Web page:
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Cor. Taking away from this expression, the 1st, 2d, and 4th terms, which together make double the trapezium ABCD, there will remain

Twice area of
the triangle =



AB. DE. sin (B+C+D) +BC. DE. sin (C+D)

DC. DE. sin D.

3. For a hexagon, as ABCDEF. The double area will be found, by supposing it divided into the pentagon ABCDE, and the triangle AEF. For, by the last rule, and its corollary, we have,


Twice area of
the pentagon


Twice area of)
the triangle=


Or, twice area the triangle



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BP. EF. sin (B+C+D+E) +CP. EF . sin (D+E).

Now, writing for BP, CP, their respective values,

BC.sin c


BC. sin B sin (B+c)'

the sum of the last two expressions,

sin (B+ c)
in the double areas of AEF, will become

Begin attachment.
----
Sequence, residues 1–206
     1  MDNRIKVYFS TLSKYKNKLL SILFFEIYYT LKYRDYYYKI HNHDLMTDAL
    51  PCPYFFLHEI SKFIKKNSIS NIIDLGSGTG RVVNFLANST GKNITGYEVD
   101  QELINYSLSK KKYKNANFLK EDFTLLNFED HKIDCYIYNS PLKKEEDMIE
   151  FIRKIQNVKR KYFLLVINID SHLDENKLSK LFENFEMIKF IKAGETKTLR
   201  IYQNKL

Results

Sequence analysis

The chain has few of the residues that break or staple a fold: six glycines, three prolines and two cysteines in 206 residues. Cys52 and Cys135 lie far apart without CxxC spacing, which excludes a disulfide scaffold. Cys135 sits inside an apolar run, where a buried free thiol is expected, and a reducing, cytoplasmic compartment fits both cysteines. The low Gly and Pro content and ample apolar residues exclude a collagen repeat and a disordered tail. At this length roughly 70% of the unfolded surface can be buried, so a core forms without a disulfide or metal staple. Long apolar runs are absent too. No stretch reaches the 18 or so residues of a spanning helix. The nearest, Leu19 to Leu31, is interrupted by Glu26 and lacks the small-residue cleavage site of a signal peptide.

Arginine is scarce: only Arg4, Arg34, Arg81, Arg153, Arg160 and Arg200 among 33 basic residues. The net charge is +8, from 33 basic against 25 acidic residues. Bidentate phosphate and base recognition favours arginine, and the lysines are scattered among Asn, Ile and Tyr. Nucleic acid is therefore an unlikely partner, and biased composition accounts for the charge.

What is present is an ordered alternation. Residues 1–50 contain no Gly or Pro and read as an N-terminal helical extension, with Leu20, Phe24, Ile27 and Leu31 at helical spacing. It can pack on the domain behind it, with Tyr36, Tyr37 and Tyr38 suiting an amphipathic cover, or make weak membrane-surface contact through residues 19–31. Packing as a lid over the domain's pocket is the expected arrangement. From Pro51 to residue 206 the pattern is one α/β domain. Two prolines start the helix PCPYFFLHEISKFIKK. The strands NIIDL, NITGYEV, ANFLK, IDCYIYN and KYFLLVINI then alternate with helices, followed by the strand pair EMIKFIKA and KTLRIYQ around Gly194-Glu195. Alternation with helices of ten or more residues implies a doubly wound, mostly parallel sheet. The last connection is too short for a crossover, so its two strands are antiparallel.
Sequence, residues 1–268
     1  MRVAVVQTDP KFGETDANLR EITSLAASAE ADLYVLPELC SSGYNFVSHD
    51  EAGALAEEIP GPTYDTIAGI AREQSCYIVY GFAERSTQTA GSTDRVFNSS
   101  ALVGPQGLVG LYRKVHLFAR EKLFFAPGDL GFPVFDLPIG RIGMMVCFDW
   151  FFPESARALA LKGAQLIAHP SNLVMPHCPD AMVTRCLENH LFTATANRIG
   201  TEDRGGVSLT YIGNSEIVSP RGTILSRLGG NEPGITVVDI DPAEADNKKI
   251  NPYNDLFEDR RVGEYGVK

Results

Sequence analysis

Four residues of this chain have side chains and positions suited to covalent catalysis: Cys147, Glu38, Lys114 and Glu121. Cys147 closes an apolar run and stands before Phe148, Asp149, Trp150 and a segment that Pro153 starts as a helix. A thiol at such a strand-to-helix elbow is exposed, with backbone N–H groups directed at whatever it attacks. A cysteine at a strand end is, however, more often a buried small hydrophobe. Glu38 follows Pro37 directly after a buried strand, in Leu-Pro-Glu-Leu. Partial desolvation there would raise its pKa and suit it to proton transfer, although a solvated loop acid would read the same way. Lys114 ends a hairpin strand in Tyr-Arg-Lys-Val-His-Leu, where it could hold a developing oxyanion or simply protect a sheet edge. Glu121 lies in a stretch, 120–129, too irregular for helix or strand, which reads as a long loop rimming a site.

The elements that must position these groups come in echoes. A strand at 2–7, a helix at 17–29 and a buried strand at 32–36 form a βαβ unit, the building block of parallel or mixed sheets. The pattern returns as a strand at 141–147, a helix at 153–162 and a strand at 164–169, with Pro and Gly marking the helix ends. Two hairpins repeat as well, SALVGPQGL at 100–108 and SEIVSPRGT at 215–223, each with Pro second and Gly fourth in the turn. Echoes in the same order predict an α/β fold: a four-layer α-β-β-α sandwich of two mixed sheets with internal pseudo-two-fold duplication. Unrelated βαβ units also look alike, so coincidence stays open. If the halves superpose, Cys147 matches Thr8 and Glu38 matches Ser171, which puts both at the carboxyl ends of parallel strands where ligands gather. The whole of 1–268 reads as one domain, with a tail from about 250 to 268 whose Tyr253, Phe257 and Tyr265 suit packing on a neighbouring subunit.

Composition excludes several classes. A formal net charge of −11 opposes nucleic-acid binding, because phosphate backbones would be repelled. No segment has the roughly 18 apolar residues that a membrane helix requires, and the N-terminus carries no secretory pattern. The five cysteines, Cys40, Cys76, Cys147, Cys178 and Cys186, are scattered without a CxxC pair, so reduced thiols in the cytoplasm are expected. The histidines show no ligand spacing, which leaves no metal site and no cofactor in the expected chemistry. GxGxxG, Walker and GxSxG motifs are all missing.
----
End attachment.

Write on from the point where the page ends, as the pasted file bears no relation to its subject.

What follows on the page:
sin (B+C+D+ E) + sin B . sin (D+ E)
sin (B+c)


sin c


and this, by means of the formula for 5 arcs (art. 30 ch. iii) becomes BC. EF . sin (c+D+E). Hence, collecting and properly arranging the several terms as before, we shall obtain AB. BC. sin B

Twice the area

of the hexa-


+AB. CD. sin (B+C)

+AB. DE. sin (B+C+D)
+AB. EF . sin (B+C+D+E)
+BC. CD. sin c

+BC. DE. sin (C+D)
+BC. EF. sin (c+D+E)
+CD. DE. sin D

+CD. EF. sin (D+E)

+DE. EF. sin E.

4. In a similar manner may the area of a heptagon be determined, by finding the sum of the areas of the hexagon and the adjacent triangle; and thence the area of the octagon, nonagon, or of any other polygon, may be inferred; the law of continuation being sufficiently obvious from what is done above, and the number of terms=".2, when the number of sides of the polygon is n: for the number of terms is evidently the same as the number of ways in which n - 1 quantities can be taken, two and two; that is, (by the nature of Permutations) = 1.2-2